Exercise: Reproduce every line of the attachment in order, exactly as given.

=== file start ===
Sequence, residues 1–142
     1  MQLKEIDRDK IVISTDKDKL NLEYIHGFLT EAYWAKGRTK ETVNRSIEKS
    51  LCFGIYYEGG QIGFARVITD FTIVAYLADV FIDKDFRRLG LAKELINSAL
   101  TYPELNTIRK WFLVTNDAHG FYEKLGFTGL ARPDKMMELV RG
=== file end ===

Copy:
Sequence, residues 1–142
     1  MQLKEIDRDK IVISTDKDKL NLEYIHGFLT EAYWAKGRTK ETVNRSIEKS
    51  LCFGIYYEGG QIGFARVITD FTIVAYLADV FIDKDFRRLG LAKELINSAL
   101  TYPELNTIRK WFLVTNDAHG FYEKLGFTGL ARPDKMMELV RG